This article has been corrected from the version which appeared in print editions of the Inquirer, and prior to that, the Daily News.
There is no piece of equipment which can prevent concussions. Items such as Unequal's headband can only attemtpt to reduce the risk of suffering brain trauma.
ASTM International, which is a nonprofit organization, does not allow companies to make substantiated claims that they reduce the risk of brain trauma. It also does not test or certify other sports equipment.
VANCOUVER, British Columbia - The black headband that U.S. defender Ali Krieger has been wearing at the Women's World Cup isn't a fashion statement. Unequal Technologies, based in Glen Mills, Delaware County, developed the headband to reduce the risk of suffering concussions.
And while there is no science showing that headbands prevent or reduce the risk of concussions, Krieger is one of several World Cup players who are wearing them in this year's tournament.
"If I get hit one more time, it could be the end of my career," Krieger says. "I need to be prepared and wear it and suck it up and throw my pride to the side and be safe about it, because I want to continue to play."
Delran native Carli Lloyd also has worn the headband this year, though not at the World Cup.
Nothing can eliminate all instances of brain trauma in sports. And there is scant evidence that these types of headbands prevent or reduce the risk of concussions, says Anthony Kontos, research director for the UPMC sports medicine concussion program in Pittsburgh,
"There really aren't any good data with humans that show this is going to prevent concussions or anything like that," Kontos said.
Rob Vito, who also teaches in Penn State's Master of Business Administration program, founded Unequal in 2008 and is the company's CEO. Unequal's first major foray into sports came in October 2010, when it designed a chest protector for then-Eagles quarterback Michael Vick. Since then, it has worked with Dallas Cowboys quarterback Tony Romo, former Pittsburgh Steelers safety Ryan Clark, and Steelers linebacker James Harrison.
The company also has worked with lacrosse, baseball, and other sports.
In soccer games, brain injuries aren't just caused by head-to-head collisions. They're also caused by contact between a player's head and a ball, the ground, or other objects, such as a goalpost.
Unequal claims to combat such collisions with two materials it has created. The first is a Kevlar-like fabric called TriDur, which gets heat-sealed to a high-density foam called Airilon and encased in a moisture-wicking outer layer.
When a ball or anything else hits the headband, the energy from that contact is dispersed across the headband. Without the headband, that energy is concentrated at the point of impact, according to Unequal.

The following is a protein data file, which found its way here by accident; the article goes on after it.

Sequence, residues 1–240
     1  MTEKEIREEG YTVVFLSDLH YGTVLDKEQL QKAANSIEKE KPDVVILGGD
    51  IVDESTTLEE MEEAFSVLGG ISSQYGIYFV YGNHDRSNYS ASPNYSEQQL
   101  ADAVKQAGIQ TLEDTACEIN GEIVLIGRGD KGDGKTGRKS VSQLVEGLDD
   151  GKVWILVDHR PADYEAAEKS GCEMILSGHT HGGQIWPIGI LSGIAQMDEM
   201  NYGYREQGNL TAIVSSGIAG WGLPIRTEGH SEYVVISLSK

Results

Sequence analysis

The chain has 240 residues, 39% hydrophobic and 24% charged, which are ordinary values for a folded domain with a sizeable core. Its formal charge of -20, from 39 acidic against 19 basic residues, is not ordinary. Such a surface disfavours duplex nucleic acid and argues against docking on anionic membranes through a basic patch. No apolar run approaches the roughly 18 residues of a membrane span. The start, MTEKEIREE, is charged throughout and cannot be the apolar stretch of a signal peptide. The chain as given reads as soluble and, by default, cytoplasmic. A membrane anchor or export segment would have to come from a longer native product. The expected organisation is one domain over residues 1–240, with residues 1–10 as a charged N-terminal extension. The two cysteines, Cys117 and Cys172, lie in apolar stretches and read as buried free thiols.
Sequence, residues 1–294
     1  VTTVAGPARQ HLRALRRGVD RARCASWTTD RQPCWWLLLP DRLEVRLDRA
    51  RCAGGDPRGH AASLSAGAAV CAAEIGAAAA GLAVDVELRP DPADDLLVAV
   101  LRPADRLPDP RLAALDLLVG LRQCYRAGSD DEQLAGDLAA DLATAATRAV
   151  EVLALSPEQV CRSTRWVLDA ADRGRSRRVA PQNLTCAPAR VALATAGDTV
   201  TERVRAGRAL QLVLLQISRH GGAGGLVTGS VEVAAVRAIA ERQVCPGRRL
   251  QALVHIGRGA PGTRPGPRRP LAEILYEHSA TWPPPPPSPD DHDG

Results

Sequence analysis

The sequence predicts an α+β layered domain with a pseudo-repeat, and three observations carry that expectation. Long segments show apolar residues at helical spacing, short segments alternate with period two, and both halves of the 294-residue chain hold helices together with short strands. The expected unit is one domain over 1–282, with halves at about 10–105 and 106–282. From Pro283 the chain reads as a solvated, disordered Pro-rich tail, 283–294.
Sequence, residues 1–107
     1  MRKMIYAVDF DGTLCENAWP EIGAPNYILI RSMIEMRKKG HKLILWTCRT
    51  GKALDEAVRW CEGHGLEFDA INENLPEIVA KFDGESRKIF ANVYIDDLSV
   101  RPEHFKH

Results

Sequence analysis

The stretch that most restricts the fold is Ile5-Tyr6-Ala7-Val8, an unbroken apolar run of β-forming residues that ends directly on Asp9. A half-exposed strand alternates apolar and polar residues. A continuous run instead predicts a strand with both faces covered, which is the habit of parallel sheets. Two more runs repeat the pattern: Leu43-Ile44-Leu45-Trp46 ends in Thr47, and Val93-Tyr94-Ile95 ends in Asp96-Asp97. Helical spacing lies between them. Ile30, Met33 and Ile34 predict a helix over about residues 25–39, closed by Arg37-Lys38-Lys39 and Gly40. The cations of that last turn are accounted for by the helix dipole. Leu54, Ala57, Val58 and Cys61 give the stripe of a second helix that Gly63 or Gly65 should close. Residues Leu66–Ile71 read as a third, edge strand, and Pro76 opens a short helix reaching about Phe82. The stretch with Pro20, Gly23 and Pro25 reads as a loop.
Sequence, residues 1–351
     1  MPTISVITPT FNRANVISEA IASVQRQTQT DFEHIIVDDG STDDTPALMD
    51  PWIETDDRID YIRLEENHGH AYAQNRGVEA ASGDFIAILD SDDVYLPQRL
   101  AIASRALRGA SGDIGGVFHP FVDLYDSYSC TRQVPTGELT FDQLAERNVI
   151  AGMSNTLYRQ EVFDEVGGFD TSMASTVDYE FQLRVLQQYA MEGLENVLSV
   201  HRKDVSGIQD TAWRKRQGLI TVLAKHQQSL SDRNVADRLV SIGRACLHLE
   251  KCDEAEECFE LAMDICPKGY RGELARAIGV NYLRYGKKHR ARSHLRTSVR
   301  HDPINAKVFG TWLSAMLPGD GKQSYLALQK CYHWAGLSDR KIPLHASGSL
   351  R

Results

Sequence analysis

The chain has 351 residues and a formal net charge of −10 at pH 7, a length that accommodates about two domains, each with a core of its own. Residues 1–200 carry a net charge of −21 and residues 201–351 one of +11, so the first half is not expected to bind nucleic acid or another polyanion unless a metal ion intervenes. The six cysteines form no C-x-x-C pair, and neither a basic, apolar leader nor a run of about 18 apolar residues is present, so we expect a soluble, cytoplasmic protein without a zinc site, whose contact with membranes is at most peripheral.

In a study published this year, the UPMC's Kontos and colleagues found that a different brand of headband did not appear to protect players from what he called "subtle" cognitive impacts of heading a soccer ball. In the study, published in "Research in Sports Medicine," participants who did not wear the headbands fared about as well as those who did.
As for sharper impacts, such as head-to-head or knee-to-head, there are no quality randomized trials that indicate headbands are helpful, Kontos said.
Krieger started wearing Unequal's headband after she suffered a concussion during a National Women's Soccer League game in April. Before the former Penn State star returned for the U.S. team's three World Cup warmup games, national team assistant coach Steve Swanson reached out to Unequal to try the headband.
Only in the last year or so has the rest of the world started to catch up to America's understanding of brain trauma in soccer.
The 2014 Men's World Cup offered a prime example. Germany midfielder Christoph Kramer suffered a concussion during the championship game against Argentina. The international television broadcast showed him appearing to lose consciousness, but the German team's medical staff let him keep playing.
Fifteen minutes later, still showing clear signs of being dazed, Kramer finally was removed from the game.
ESPN analyst Taylor Twellman, a former U.S. national team player and New England Revolution forward whose career ended prematurely because of concussions, criticized FIFA and the German federation. So did many of Twellman's colleagues, including those from other countries.
But beyond ESPN's reach, there wasn't the same level of reaction in the moment. Only in the days afterward, as American reporting circulated globally, did international opinion begin to turn.
This summer, several teams at the Women's World Cup are using Unequal's gear. In addition to Krieger, players from Mexico, Ecuador, New Zealand, and other nations are wearing the headband.
After the headband was judged to meet the ASTM's standards, it had to pass one more test: a player's opinion of how it affects the ball's movement.
That can be just as rigorous a challenge. Make the material too hard, and the ball will ricochet across the field. Make it too soft, and the ball will fall straight down.
So far at the World Cup, there doesn't seem to be much difference in how the ball comes off a header compared to a player not wearing the headband.
The headband, which weighs 6 ounces, is not just for world-class athletes. It's available on the company's website and through other retailers for $39.95. There's also a smaller, lighter version for $29.95.